Actual on the job training was better. You are required to put a big orange “T” on your headwear, so everyone knows you are in training and you have to stay within arms reach of someone who is experienced. This was an exciting time because it was my first time around flight operations and seeing the jets take off and land was pretty amazing. Unfortunately, within the first two weeks of me experiencing this, a man with seven or eight years of experience was killed doing the job I was training for. This was certainly intimidating and scary, but I kept going.

What were some of your main jobs/roles?

The job changed as I gained rank and qualifications. I started out as what they called “Blue Shirts” because we wore blue shirts. Blue shirts were responsible for “Chock and Chaining,” which is when a plane parks. Stoppers are placed around the tires and chains are used to secure the aircraft to the flight deck so it does not roll. It is a pretty boring job, but it is an important step in learning to work on the flight deck.

There are so many dangers that people have to look out for that starting with a simple job is useful. You have to learn how to approach the jets with propellers in a way that you don’t lose a limb; you have to learn how close is too close to the jet intakes so that you don’t get sucked in; you have to learn how to go under or around the jet exhaust so that you don’t get burned or blown down. Also, there were helicopters that posed different challenges, so it was important to start off with an easy job to learn how to navigate all these things before trying to stay safe while doing more challenging work.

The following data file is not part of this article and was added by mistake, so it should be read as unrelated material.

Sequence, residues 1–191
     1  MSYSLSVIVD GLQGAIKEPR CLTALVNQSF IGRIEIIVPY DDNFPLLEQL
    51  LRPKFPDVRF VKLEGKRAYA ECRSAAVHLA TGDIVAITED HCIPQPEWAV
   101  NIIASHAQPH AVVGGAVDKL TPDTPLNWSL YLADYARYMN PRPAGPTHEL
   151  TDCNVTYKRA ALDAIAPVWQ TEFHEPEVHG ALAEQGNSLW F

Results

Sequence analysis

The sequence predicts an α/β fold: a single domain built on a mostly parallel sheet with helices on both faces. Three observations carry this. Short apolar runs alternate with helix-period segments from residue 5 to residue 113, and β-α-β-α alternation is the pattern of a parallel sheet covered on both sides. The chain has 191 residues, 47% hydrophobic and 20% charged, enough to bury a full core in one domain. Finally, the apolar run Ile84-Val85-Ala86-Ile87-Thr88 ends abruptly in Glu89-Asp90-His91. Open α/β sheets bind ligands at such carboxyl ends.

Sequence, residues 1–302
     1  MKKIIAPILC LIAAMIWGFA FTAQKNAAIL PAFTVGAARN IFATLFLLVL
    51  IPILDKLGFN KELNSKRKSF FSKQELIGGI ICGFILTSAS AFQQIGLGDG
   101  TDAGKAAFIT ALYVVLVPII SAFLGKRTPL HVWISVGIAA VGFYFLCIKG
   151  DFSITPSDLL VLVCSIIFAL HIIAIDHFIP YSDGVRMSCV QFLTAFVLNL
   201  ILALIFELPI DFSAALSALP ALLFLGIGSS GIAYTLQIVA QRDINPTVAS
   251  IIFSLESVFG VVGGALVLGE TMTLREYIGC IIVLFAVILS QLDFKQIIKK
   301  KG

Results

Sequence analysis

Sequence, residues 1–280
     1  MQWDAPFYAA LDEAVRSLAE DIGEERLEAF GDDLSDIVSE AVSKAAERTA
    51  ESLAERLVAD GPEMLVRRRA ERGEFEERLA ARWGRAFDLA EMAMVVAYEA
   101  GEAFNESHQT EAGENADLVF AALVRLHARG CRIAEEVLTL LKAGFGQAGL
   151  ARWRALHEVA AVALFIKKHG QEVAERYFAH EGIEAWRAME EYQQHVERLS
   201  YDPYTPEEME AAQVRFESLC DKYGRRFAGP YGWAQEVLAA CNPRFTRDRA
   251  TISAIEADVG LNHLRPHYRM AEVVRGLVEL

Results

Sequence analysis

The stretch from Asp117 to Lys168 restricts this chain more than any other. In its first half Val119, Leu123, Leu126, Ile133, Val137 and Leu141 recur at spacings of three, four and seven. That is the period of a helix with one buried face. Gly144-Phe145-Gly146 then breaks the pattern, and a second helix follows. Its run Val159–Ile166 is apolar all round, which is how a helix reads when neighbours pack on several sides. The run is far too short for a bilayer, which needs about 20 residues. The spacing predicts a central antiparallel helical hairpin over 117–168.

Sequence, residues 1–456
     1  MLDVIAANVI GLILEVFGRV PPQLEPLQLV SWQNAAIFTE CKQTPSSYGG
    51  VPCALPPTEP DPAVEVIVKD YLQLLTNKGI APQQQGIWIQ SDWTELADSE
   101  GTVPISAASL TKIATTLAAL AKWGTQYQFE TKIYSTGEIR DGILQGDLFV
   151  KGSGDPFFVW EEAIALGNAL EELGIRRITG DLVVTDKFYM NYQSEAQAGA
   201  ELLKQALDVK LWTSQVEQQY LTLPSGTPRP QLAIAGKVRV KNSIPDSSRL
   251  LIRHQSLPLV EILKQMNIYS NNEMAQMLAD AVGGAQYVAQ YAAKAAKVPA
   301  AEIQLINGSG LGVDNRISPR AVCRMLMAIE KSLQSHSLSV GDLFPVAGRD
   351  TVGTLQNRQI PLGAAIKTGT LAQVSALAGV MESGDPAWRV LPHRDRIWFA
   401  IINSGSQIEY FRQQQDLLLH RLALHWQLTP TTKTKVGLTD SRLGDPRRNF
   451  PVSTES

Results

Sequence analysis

The next step is tractor driving. When the planes are turned off and can’t drive on their own, we had to hook up a tractor to it and tow it around. This job is much more difficult than “Blue Shirt.” These 28-55 million-dollar jets get parked within six inches of each other and a tractor driver has to be very talented to do this with all of the other distractions going on like take offs and landings. You also have to consider that this is on a boat, so tractor drivers had to learn to adapt to ship rocking and whatever weather was going on.

If a tractor driver was towing a jet and it hit another jet it was referred to as a “crunch.” It is a really big deal if someone “crunched a bird,” which happened to me once. As I was parking a jet, the shipped rocked hard and with the rain my brakes wouldn’t stop. The nose of the plane I was parking hit another plane. It was about a $300,000 mistake. Fortunately, some people saw it and determined that it was not my fault, but it could have been bad for me.

The final stage of the job is directing. These folks were referred to as “Yellow Shirts.” Directing is the most difficult job with the most responsibility. These are the people who give directions to the pilots as they drive the jets around the flight deck, they go through all the safety checks when launching aircraft and they direct the pilots once the jets have landed. There are so many things to be aware of when directing.